German Fast Food Forget the "Mett", Try a "Frikadelle"

Hungry? Don't have much time to eat? Baffled by a menu offering "Pommes Rot-Weiss", "Mett" or "Boulette"? Your problems are solved with this useful guide to the delicacies (and otherwise) on offer at your local German fast-food stand, or "Imbiss".


Tempted? A typical Currywurst, consisting of fried sausage sliced up and covered in ketchup and a mild curry powder.
DDP

Tempted? A typical Currywurst, consisting of fried sausage sliced up and covered in ketchup and a mild curry powder.

For more adventurous World Cup fans who don’t want to live off McDonalds, Burger King and Kentucky Fried Chicken and would rather experience some German takeaway food, here's a useful guide on what to try -- and what to avoid.

The typical German "Imbiss" or "Schnellimbiss" is a fast-food shop, stand or trailer and you'll see them in every city or village as well as in and around soccer stadiums.

To save valuable time and avoid culinary errors when scrutinizing perplexing menu boards, here's a list of dishes in no particular order.

Bockwurst

The famous Frankfurter is an example of a bockwurst and a firm favorite among snacks. Literally hundreds of types are available but all basically are pork and beef (turkey is also getting popular) boiled in brine. It's the classic hot dog sausage -- cheap, cheerful and not to be missed.

Bratwurst

Your standard fried sausage usually served with a half a slice of rather dry and tasteless white bread.

Bratwurst im Brötchen

Same as above served in a crispy bread roll.

Currywurst

Don’t get your hopes up too much -- this is no Tikka Massala and it doesn’t taste anything like curry. Basically, it's a Bratwurst (see above) which has been sliced up in a special machine with a dollop of luke-warm so-called curry ketchup ladled over it, and if your lucky with a dusting of mild curry powder and the obligatory half slice of dried out white bread.

A typical German "Imbiss" fast-food stand.
Sabine Sauer / DER SPIEGEL

A typical German "Imbiss" fast-food stand.

Frikadelle

A kind of home-made hamburger or rissole, usually made from a mixture of minced beef and pork. Sadly, the quality spectrum can be disturbingly wide varying from mass-produced patties which I’m sure taste not unlike cat food (they certainly look like it) to the delicious meaty home-made ones that are a pleasure to eat, again usually served with a half slice of bread or a roll. Frikadellen can also be found under the name Bouletten and is sometimes served with Nudelsalat (pasta salad) or Krautsalat (a kind of coleslaw without mayonnaise).

Hähnchen

Roasted chicken can often be found at take-away stands as “Halbes Hähnchen”. Normally well seasoned with paprika and salt. Traditionally, Germans eat this dish with a side of French fries.

Krakauer

Another variation on the ubiquitous Bratwurst, this time with it’s origins in Poland, generally a bit richer with a reasonable garlic content.

Mett

This is not for squeamish palates. It's basically the German version of Tartar and consists of raw minced pork seasoned with salt, pepper and nutmeg and served on rolls often topped with raw onions. Now that may sound revolting to many but it is widely considered a specialty because good mett is quite expensive and often really delicious. For obvious reasons it must be very fresh and is best eaten the day you buy it.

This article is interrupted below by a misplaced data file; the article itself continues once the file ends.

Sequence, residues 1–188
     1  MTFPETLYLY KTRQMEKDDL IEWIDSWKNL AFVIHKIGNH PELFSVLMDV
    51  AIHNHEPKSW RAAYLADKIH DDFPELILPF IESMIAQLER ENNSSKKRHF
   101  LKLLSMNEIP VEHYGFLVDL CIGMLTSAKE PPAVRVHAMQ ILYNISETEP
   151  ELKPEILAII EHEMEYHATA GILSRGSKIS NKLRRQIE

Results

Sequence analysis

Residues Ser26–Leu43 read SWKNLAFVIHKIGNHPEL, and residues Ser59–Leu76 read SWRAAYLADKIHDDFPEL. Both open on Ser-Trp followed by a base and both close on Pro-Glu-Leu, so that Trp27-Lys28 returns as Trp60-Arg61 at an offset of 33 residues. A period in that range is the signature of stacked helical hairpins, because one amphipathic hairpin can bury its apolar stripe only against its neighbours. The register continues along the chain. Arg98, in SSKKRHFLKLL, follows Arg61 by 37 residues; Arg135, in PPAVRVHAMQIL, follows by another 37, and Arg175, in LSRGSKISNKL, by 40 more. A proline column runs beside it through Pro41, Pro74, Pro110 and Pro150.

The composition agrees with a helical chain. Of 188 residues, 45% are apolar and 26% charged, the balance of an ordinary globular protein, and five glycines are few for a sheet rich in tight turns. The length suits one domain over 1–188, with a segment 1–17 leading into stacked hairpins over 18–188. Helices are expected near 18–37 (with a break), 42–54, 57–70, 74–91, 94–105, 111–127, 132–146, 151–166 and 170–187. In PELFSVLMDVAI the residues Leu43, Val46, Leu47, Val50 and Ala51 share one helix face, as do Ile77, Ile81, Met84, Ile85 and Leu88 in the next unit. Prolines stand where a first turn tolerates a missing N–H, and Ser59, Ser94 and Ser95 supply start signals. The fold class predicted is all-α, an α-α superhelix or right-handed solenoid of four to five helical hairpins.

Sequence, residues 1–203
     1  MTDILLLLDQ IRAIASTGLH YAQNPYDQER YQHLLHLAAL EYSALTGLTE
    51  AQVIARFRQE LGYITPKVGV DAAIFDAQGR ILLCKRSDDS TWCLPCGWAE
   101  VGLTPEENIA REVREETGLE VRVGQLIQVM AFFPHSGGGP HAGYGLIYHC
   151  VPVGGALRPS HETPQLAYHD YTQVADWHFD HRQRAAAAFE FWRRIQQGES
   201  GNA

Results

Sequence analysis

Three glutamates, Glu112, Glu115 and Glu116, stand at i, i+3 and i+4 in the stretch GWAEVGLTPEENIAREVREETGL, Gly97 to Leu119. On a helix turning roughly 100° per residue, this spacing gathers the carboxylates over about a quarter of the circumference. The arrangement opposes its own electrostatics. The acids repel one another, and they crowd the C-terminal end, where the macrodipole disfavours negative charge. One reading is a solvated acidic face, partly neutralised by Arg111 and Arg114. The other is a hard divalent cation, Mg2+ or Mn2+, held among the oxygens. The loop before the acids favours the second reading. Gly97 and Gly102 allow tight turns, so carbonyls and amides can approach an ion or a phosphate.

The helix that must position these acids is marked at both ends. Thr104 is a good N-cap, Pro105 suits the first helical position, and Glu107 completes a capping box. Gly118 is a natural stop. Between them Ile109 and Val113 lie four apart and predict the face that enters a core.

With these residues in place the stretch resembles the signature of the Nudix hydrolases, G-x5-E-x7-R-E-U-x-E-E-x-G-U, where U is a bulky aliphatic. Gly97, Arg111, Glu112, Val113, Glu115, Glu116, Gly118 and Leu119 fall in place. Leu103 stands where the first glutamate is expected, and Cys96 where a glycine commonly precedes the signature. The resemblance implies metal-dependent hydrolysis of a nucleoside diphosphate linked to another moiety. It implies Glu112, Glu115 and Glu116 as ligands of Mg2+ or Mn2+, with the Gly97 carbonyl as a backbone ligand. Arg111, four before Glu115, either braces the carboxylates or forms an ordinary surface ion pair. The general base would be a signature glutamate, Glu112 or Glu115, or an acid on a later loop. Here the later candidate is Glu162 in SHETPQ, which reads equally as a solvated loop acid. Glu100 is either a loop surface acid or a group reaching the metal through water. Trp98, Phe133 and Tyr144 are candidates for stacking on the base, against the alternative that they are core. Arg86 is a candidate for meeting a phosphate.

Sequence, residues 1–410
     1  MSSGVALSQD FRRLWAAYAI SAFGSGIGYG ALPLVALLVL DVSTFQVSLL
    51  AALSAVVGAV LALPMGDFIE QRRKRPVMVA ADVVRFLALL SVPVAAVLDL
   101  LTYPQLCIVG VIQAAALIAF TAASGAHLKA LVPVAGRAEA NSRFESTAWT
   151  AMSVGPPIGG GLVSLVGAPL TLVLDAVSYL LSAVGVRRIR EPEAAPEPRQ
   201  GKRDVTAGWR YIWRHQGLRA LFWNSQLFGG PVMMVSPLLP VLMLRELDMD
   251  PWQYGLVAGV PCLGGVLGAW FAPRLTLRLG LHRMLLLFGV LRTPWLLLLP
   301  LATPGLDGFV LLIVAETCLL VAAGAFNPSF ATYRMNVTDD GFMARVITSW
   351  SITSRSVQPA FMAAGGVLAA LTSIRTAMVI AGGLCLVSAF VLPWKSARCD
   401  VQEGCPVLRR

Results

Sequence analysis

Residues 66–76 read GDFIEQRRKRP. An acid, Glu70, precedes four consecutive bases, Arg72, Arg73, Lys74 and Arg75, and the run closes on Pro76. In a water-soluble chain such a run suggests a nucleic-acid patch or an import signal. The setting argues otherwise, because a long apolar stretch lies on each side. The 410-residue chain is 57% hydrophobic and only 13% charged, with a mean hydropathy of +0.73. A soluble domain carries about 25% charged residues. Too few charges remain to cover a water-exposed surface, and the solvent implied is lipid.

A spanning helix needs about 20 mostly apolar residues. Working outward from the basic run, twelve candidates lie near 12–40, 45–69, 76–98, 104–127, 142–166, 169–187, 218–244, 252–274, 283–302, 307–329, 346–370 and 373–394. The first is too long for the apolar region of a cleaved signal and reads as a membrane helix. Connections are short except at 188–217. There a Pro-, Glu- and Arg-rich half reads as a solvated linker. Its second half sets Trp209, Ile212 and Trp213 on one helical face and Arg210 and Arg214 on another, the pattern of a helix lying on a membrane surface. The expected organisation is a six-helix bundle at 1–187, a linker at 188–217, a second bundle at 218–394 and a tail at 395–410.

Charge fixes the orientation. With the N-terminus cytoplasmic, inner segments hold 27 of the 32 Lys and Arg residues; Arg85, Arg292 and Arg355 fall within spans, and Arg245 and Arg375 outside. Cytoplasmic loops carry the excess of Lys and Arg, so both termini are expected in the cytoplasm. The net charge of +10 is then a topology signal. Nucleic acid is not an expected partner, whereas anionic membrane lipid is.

Pommes

Chips (or French fries if you're an American) are called “Pommes Frites" in Germany. You can seldom go wrong here. However, here are a few words of warning about the accompanying condiments:

1)  Vinegar (Essig) on your chips is a No-No. Don’t even ask for it. If you do you will get a look of disgust followed by a clear non-brewed condiment better suited to a chemistry lab then a kitchen. The one exception here would be Irish pubs (of which there are many) and who usually have the real thing.

2) The norm is “Pommes mit Mayo” (chips with mayonnaise). This may not be to everyone's taste. Ketchup is obviously also available. If you want both ketchup and mayonnaise ask for "Pommes Rot-Weiss" (red-white chips). For the financially challenged, please note that if you’re down to your last few euro cents and are just able to stretch them to buy a portion of chips, remember the ketchup and mayo cost extra (usually around 30 cents)!

Schnitzel

This is a staple of the German gastronomy trade and is offered almost everywhere. Basically it’s an escalope of pork coated in bread crumbs and usually deep fried. Many middle class restaurants have loads of variations on Schnitzels like “Schnitzel Hawaii" (an escalope topped with cheese and pineapple and put under a hot grill) or Zwiebel Schnitzel (escalope buried under a heap of crispy fried onions). If you don't want your Schnitzel breaded, look for “Schnitzel Natur”. The list goes on and on. Here are the three most common variants:

1) Wiener Schnitzel (Vienna Style). Classically a breaded veal escalope, but nine times out of ten it’s pork here, usually served with a wedge of lemon and chips and no sauce.

2) Jäger Schnitzel (Hunter’s style). The usual breaded pork escalope, this time served with a mushroom gravy or sauce (sometimes a mushroom cream sauce).

3) Zigeuner Schnitzel (Gypsy style). This breaded escalope is served with a sweet and sour sauce which usually contains a lot of sliced red and green peppers.

Spätzle

Noodles from Germany's Swabian region, often home-made and served as an accompaniment with stews or goulasch and most popular in southern Germany.

Schweinshaxe

An oven roast knuckle of pork considered a delicacy especially in Bavaria and southern Germany. It's huge and looks very challenging with a lot of bone in it, but the meat is very tasty and well worth a try if you're feeling adventurous.

Contributed by British ex-pat Neil Hunter, who has been living in Germany just outside Dortmund since 1987.

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